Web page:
It isn't horrible but be aware that it is a lot of work, which becomes hard, if you can't time manage!
    I hope this hasn't put you off, I hope it will encourage you to accept your place and make a difference to the kids life's that you will encounter. Good Luck.
  10. The PGCE has, so far for me, been extremely difficult and sometimes very unpleasant. Having said that, it has made me a stronger person and more determined to pass. Also, I am doing this course with a three and seven year old. My subject is English and I began the course in September. So far I have been required to complete a thorough audit of my subject knowledge and am still in the process of filling in any gaps, write one 3000 word assignment and a 6000 word assignment (still in progress and there is a third 3000 word research project to come). During the periods that are university based there is much reading and research to do on teaching strategies and statutory requirements (of which the list is endless) and homework in preparation for lectures and methods (seminar-type) lessons. There are then periods that are part-university and part-school based, these times are when you prepare for teaching in school through training and observations as well as continuing the theory at university. Then there are the school placements! There are currently 33 standards that you need to pass to gain your teaching certificate - although I believe these are about to be reduced. You are given classes or lessons to teach between 50 and 60% of the teaching week. You may be given support or you may have an unsupportive environment - mine was unsupportive in placement one. You need to know what you will teach, how you will teach according to guidelines, follow government policies, follow school policies, consider issues such as equality, differentiating work, individual learning plans, numeracy, literacy and ICT, special educational needs, gifted and talented pupils, behaviour management, progression and so on. You will be observed for all your lessons and feedback is not always constructive (in my experience). Lesson planning at first takes hours and then when it doesn't work out as you hoped it is seriously de-motivating. The main issue then is time and energy. However if you believe in your subject and believe in education you will get through (probably). There are many things wrong with the education system and these are plain to see for me already but when you see you've made a difference to a student's learning it feels great. Targets and the un-ending accountability, jumping through hoops and constant changes in policies make this job very unappealing so just be aware of what you are taking on. I know different universities structure their courses in different ways but be prepared to take on a more than full timetable no matter what. I sound very negative I'm afraid - this might be tiredness and stress - however I am still carrying on because I believe that the more experience (which you gain very quickly) the easier and more enjoyable teaching will be. If you like a challenge this will do it and if you are really determined remember it is less than a year (an intense and steep learning curve) but still the time in school for me (the real pressure) has only been 7 full weeks so far with another 12 to go. I have heard of some really great experiences in the first placement and so take this as worse-case scenario but make sure you are prepared if you decide to go ahead. The most important thing (or two things) are to love your subject and to really want to teach. Good luck.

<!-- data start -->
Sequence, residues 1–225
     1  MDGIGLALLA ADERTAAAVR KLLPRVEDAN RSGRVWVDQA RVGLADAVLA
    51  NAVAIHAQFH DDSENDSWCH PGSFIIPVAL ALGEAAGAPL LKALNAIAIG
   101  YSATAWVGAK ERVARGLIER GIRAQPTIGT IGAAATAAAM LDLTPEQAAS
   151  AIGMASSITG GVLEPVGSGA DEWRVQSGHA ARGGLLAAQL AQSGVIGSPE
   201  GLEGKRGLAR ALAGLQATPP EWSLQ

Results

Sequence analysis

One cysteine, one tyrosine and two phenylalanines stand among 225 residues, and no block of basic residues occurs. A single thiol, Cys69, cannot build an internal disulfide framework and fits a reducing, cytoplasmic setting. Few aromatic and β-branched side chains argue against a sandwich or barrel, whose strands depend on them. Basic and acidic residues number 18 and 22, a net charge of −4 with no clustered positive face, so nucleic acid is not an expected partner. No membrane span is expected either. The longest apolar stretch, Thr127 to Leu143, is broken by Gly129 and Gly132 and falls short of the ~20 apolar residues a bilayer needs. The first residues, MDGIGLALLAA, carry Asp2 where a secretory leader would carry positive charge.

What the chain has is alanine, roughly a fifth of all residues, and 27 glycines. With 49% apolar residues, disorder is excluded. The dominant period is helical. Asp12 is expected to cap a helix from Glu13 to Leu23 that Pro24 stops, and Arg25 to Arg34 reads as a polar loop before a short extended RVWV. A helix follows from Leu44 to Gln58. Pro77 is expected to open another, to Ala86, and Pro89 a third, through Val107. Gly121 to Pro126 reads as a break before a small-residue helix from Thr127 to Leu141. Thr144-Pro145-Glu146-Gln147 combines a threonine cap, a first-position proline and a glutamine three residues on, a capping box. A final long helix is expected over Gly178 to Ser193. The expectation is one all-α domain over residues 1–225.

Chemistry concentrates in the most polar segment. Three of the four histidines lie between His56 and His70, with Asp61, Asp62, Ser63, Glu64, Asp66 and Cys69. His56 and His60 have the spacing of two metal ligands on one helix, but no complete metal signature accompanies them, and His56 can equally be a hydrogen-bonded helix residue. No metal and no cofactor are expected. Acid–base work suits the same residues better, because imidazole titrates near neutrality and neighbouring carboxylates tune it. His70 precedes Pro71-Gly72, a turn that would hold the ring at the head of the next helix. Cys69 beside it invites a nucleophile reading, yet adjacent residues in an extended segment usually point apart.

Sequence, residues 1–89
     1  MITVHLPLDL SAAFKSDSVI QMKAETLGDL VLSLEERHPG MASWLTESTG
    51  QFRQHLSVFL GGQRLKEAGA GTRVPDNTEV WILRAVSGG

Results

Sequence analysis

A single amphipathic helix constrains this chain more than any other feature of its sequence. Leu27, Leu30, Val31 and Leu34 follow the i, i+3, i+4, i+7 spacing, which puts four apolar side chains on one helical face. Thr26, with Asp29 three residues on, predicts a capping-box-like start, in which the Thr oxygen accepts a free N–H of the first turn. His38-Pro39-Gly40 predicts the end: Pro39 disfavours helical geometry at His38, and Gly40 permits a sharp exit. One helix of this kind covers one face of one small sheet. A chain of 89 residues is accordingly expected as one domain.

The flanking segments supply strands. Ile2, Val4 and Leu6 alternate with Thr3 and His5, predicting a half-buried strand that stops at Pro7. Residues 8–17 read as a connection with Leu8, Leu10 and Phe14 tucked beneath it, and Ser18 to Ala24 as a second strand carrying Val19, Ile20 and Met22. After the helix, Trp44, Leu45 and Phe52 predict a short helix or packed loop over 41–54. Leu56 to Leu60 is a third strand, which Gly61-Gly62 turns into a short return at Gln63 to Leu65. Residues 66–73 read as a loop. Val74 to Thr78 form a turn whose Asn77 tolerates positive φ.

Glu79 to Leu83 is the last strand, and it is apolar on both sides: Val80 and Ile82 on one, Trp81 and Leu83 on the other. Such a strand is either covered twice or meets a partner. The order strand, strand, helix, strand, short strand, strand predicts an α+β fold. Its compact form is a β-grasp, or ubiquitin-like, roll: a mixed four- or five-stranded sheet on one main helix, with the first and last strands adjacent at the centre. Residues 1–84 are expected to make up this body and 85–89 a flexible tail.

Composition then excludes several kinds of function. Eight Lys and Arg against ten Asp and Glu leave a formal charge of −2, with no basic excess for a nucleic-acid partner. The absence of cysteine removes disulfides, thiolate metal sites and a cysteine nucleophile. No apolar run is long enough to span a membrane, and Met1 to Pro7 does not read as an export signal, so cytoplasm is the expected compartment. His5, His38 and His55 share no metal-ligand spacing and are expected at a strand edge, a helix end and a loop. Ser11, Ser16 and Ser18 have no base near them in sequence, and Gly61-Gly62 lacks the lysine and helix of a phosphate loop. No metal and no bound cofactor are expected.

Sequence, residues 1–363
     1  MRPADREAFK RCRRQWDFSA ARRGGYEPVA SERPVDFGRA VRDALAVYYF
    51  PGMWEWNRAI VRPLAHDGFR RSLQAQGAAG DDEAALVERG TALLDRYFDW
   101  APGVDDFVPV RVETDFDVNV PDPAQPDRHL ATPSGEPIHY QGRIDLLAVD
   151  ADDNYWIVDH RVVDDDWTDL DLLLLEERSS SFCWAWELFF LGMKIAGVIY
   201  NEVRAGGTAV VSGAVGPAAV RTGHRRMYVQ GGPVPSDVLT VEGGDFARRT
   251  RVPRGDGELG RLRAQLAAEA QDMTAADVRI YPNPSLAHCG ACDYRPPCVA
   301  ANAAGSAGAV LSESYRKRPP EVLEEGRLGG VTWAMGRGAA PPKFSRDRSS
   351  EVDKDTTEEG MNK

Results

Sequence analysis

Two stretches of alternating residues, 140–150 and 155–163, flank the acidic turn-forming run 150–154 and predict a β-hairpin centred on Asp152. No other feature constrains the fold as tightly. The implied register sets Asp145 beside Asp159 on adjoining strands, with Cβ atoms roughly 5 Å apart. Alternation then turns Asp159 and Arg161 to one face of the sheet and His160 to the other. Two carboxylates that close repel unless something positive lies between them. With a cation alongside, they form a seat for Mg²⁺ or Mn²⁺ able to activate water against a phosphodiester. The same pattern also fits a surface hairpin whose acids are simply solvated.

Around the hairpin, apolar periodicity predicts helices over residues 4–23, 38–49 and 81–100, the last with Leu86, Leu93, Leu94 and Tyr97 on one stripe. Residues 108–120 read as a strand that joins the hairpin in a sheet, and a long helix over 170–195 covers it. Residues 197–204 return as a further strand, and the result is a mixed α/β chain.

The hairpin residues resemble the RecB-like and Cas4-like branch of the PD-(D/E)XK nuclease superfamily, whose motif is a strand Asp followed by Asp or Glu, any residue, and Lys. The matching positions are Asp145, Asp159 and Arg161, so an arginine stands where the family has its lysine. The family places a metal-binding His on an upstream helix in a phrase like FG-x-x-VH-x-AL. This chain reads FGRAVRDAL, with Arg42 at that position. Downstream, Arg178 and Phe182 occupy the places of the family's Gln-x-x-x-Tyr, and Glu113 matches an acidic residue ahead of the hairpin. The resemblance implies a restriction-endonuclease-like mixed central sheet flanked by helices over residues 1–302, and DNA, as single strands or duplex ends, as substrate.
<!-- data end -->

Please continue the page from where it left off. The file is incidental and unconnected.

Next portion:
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    The PGCE is a tough year and its best to see it as a survival course:

    Take all assignments as they come: build a realistic time table

    Eat healthy and lots of rest, even 20 mins nap after coming home from school
    and drink lots of water.

    Be open to criticism: mentors from school and uni will observe you and all aspects
    of the standards, take their advice whether you agree or disagree, you will
    learn a lot about yourself as a person/ teacher.

    Don’t put things to the back burner make sure you get your key skills don’t
    before spring / summer.

    Most important don’t panic!!! you have passed the interview stage your soon
    to be uni mentors can see that you have the qualities to be a good teacher and
    will support you, just dont bug them too much, you have to be a sponge and soak
    up lots of information.

    my pgce was hard mainly because i was not used to all the paper work, but i